Compare Movers and Prices
Moving Advice & Tips Packing & Unpacking

How to Pack Musical Instruments for a Move

how to pack musical instruments

Unless your movers are also musicians they will not be able to fully appreciate just how easily musical instruments can be ruined through shaking, dropping, or extreme temperature changes. Even if you write “FRAGILE” all over the box, it is important that you take the necessary steps to pack your instruments in a way that they will not be easily compromised. Ensuring the safety of your prized belongings is not easy so be sure to follow these steps and precautions.

Brass and Woodwind Instruments

These instruments need to be completely taken apart first. Ideally, it will get placed in a hard case made for it. If you do not have a hard case that you normally use to store your brass or woodwind instrument then you will wrap every individual piece in a few layers of bubble wrap. It is important that pieces are not permitted to bump into one another during the moving process. The box you use should be large enough to allow for a layer of inflatable cushions, packing peanuts, towels, etc. Also, if you do use packing peanuts make sure that you seal the wrap around the instruments with tape. This will eliminate the chance of the peanuts getting inside.

Stringed Instruments

Cellos, harps, guitars, etc., need a lot of extra care during packing. To begin, the strings need to be loosened. Instruments with tuning keys will need all the keys turned parallel with the headstock.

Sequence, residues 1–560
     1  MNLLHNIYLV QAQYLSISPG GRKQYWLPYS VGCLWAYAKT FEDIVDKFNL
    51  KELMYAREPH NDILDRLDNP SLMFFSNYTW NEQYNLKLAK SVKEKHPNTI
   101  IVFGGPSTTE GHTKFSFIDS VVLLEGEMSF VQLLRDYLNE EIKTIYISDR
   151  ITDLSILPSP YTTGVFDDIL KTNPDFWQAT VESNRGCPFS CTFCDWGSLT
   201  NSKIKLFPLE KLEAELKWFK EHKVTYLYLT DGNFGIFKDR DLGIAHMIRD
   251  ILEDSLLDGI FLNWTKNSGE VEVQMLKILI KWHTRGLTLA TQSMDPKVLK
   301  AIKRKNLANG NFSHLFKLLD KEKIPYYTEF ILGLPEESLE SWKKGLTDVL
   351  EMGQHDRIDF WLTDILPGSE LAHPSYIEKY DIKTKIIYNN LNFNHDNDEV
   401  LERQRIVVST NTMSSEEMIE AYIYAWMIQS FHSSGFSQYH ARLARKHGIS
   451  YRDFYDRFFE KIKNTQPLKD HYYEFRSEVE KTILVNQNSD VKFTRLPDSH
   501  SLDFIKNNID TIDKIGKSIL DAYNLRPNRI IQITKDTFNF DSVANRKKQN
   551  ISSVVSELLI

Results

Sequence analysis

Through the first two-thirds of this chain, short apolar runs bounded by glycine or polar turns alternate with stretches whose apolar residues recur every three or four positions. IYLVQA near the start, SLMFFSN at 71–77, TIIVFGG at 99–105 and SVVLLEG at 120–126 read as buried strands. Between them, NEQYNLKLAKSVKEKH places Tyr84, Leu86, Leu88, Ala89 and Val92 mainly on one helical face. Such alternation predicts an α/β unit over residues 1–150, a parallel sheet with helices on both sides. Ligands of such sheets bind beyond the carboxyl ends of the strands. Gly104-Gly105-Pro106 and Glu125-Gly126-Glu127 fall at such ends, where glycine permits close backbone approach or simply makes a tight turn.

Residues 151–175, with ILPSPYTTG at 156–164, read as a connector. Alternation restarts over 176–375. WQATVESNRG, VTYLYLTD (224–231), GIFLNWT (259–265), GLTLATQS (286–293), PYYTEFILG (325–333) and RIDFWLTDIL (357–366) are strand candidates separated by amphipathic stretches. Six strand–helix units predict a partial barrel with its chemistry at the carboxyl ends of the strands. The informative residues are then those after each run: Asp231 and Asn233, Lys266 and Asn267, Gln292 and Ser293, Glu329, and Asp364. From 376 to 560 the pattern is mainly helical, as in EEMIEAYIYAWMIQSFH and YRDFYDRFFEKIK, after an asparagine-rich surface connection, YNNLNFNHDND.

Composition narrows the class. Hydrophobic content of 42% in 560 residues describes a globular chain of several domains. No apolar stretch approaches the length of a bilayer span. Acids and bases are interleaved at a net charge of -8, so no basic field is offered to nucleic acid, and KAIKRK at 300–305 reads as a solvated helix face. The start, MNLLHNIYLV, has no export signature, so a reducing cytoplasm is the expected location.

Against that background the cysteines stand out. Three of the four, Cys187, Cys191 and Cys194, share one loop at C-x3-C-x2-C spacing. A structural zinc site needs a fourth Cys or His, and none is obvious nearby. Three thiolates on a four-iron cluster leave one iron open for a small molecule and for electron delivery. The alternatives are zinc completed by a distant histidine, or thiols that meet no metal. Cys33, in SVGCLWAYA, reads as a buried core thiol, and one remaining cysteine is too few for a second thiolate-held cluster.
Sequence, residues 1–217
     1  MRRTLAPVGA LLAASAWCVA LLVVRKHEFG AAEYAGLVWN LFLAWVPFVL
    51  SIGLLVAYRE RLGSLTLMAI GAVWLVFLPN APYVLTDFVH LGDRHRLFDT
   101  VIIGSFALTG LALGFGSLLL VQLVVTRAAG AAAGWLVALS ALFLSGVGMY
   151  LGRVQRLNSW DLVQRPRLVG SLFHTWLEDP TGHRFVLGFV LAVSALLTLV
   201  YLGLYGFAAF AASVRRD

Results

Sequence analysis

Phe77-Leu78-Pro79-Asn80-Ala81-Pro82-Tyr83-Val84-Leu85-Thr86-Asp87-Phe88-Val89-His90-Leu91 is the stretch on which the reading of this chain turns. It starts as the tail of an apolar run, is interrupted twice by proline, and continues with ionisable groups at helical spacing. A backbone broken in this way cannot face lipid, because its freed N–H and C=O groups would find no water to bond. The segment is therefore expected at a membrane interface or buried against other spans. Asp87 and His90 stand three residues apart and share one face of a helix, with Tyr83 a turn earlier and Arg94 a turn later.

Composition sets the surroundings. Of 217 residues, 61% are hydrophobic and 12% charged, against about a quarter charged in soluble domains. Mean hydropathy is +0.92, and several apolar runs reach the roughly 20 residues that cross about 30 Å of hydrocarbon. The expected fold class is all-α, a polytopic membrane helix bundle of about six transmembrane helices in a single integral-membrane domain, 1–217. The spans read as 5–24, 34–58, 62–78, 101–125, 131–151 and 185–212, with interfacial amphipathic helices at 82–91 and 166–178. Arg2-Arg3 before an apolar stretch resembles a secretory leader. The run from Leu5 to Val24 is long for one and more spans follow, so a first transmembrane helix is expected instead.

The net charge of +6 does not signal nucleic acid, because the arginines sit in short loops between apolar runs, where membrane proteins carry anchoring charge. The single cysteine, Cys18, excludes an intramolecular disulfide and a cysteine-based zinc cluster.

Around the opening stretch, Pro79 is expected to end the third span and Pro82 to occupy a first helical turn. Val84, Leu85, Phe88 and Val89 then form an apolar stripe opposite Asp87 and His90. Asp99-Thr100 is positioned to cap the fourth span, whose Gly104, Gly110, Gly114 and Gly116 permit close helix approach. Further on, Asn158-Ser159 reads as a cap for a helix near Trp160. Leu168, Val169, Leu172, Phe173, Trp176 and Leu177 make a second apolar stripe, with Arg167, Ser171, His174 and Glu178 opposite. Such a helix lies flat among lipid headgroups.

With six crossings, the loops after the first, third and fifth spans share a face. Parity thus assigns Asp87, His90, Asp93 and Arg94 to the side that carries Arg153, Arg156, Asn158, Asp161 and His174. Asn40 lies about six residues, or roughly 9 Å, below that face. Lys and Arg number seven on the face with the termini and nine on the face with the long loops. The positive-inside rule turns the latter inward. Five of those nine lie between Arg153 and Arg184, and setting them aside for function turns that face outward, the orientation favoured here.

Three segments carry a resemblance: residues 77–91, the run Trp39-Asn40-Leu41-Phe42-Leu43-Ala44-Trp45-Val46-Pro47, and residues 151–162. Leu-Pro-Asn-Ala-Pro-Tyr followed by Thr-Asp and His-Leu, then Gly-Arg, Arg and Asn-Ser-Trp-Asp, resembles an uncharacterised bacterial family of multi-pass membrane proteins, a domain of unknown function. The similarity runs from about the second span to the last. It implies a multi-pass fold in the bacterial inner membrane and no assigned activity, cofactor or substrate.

If you have the hard case you will want to place the instrument inside. Since the instrument can still likely shake around a bit you will need to add crumpled paper to the case, especially around the headstock. Never use packing peanuts or shredded paper because they can get inside some stringed instruments.

If you do not have the hard case the entire instrument will need to be wrapped in plastic. A garbage bag or dry cleaning bag will work fine. Seal this with tape before wrapping in bubble wrap. This will eliminate the chance of any water getting to the instrument even if the box is dropped in a puddle. Be generous with the bubble wrap. If the instrument is going to be dropped, it will be done from several feet up.

The box you choose will need to accommodate several inches of packing peanuts all the way around. You may want to check to see what boxes are available at your local musical instrument retailer. Always mark which side should be up and gently shake the box to evaluate if you hear any movement. If you do, open the box and add more packing peanuts, crumpled paper, etc., to provide more stability.


Begin with a box at least 2 to 4 inches larger than the drum, so you have plenty of space to add stuffing for protection. Again, check with your local music supply store to see what boxes are available. Remove the rims and heads, and nest the drums by placing one inside the next. Tension rods and other small pieces of hardware should get placed in a separate plastic bag and sealed shut. Spurs, legs, etc., will need to be wrapped in bubble wrap or something similar. Before placing the drums in the box, add a layer of peanuts or crumpled paper. It is important that they are not able to move around inside.

Other Important Considerations

  • Give woodwind and stringed instruments 24 hours to acclimate after a move before using them.
  • Strive to keep musical instruments at room temperature. If you need to store them temporarily, choose a climate-controlled storage unit.
  • Never attempt to move a piano or organ. A professional should always handle these items.
  • Always pack hardware and accessories, such as guitar straps, reeds, etc., wrapped separately.
  • Large instruments such as tubas, basses, cellos, amplifiers, synthesizers, etc., need a hard case. Bubble wrap will not provide enough protection.


About the author

Unpakt Team